These fictional characters are so good together. You want them to be together, just maybe not this moment in time. And now, every time I hear that song, I think of this beautiful moment of a relationship being reborn, and the next thing to envelop my mind is, “Goodbye, Sue Heck”–a moment of utmost finality and misery.
Again, I’m getting sad. The music makes me want to cry. And it’s the most beautiful song…
Am I the only one who suffers from this? This connection to people who don’t exist, people that I want to exist, people who endure so many trials?
…fictional is tough.
I just made it home from a FIRST Robotics Competition in Pittsburgh, PA. My team, just like thousands of other teams around the world, has been working around the clock for six weeks to complete this robot for competition. As soon as Bag Day came, we began to prepare for competition.
I’m going to be frank with you–we didn’t do so hot.
We approached the challenge with full force, ready and prepared to complete another stellar robot. We had very little time to practice with the second, practice robot we built, but we did administer a test to see who was prepared for driving. A few had the brief opportunity to hone their skills for Pittsburgh.
And I don’t know what it was, but we just didn’t do so hot.
Actually, no. That’s a lie. I know what it was. There were many, many things that “was” that made our rankings sink.
All of these can be summarized as places for improvement.
One of the greatest things about FIRST is that it’s not entirely about the robots. While these challenges prepare thousands of students for careers in STEM (Science, Technology, Engineering, and Math), when we return from competition each year, we see how we can improve.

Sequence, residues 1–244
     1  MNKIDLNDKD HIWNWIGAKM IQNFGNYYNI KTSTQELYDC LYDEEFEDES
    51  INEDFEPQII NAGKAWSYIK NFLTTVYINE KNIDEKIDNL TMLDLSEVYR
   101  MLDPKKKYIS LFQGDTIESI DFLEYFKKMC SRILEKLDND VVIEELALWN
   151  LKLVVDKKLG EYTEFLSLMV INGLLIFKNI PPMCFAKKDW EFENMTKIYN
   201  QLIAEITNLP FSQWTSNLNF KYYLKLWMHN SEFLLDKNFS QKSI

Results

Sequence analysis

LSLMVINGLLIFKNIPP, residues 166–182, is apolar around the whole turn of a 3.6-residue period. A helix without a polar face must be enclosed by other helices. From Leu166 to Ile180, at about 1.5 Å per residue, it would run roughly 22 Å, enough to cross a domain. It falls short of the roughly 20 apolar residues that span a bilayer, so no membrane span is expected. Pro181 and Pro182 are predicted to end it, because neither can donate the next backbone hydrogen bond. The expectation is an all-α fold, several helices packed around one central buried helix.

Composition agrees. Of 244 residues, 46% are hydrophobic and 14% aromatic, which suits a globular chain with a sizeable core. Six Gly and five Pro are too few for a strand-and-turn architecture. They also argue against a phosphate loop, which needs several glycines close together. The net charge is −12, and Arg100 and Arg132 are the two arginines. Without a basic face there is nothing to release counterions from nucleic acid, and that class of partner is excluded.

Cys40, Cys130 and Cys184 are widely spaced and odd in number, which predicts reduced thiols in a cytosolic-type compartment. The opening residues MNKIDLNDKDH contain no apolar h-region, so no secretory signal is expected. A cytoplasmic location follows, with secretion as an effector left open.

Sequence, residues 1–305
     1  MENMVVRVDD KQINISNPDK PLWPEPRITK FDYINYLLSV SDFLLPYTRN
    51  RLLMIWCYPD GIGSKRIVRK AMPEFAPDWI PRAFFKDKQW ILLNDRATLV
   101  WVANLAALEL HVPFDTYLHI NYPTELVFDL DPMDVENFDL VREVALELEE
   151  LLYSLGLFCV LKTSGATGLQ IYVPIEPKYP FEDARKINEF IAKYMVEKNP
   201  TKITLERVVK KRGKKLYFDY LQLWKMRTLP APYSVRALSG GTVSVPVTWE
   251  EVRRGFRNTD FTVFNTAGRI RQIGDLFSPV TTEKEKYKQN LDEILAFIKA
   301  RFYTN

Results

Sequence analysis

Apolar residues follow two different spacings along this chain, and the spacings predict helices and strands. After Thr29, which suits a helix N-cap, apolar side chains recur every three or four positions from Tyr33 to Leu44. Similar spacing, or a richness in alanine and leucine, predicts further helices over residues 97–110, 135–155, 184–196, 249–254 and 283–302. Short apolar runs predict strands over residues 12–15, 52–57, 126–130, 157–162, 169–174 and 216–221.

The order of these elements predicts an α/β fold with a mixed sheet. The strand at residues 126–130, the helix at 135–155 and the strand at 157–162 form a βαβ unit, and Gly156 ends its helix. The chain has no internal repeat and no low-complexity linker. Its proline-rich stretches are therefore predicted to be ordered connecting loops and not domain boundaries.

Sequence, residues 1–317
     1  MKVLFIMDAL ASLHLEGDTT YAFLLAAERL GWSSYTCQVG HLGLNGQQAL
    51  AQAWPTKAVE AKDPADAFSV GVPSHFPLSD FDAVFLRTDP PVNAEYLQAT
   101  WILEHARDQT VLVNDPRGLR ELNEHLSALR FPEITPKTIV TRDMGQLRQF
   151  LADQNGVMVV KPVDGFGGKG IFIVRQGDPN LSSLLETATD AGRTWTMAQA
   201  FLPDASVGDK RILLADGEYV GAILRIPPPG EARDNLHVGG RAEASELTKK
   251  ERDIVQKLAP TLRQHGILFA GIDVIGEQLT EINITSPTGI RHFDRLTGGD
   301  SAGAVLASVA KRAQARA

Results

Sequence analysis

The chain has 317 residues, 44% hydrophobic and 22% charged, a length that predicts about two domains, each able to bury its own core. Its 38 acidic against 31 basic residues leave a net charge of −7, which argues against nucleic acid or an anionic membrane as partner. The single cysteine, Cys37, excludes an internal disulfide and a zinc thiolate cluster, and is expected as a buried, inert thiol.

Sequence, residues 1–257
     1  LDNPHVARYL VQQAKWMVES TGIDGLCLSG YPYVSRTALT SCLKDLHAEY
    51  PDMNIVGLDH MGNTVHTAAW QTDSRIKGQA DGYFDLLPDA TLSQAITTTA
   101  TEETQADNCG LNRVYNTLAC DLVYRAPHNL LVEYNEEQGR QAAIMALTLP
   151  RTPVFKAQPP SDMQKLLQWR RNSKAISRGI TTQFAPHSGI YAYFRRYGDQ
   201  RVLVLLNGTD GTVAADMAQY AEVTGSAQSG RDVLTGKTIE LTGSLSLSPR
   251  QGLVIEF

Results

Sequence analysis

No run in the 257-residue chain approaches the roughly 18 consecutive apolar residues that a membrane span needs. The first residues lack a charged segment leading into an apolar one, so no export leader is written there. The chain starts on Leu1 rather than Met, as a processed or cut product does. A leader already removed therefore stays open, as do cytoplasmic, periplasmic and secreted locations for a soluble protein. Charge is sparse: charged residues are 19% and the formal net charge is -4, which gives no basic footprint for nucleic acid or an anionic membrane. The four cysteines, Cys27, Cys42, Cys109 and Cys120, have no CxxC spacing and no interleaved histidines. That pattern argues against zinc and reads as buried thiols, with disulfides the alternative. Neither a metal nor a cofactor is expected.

These improvements are always vast and somewhat exciting, to know that you can recognize a loose nut and know how to tighten it down properly. (There’s a little mechanical-y reference for ya.)
And it was at this competition, when our robot ranked next to last, that I realized there are two ways of looking at things.
The first way to look at some negative situations is “Ugggghhh”. This is the tendency to place blame on everything around you rather than look to yourself for an issue. This is the down-in-the-dumps, negative attitude that doesn’t leave any room for growing.
The second way to look at some negative situations is, “Look how much we can learn from this!” This is the tendency to try and see things how they are–to look at each aspect contributing to the situation, and figure out a way to grow.
And finally, there’s also a third way of looking at some negative situations, courtesy of one of the most fun and interesting members we have. This would be, “YAYY!” (Though the majority of people probably don’t take on this mindset in such situations.)
I don’t know about you guys, but I like growing. I like getting an inch taller so I can laugh at my munchkin little guy friends. I like my hair getting longer, knowing that nearly six years of just trimming is paying off. So, as long as my body is getting taller, and my hair is growing longer, why not widen the scope of my mind? Learn to problem solve? Face problems instead of run from them?
This is all I have to say on the matter at this time. I am now leaving a pun-tastic joke for you, dear reader, at the bottom of this post.
Our team, “Biohazard”, was fortunate enough to have some really great spirit items produced this year. We have unique tie-dye t-shirts, beautiful hand crafted signs, and bandannas with our symbol painted on. I, being my awkward self, couldn’t figure out a way to wear the gorgeous bandanna without covering up most of the symbol. I finally settled on threading a ribbon through and turning it into an awkwardly small cape. The next day, unsure of what I wanted to do with it, I turned to my friend and said, “I need to figure out this thing’s capabilities.”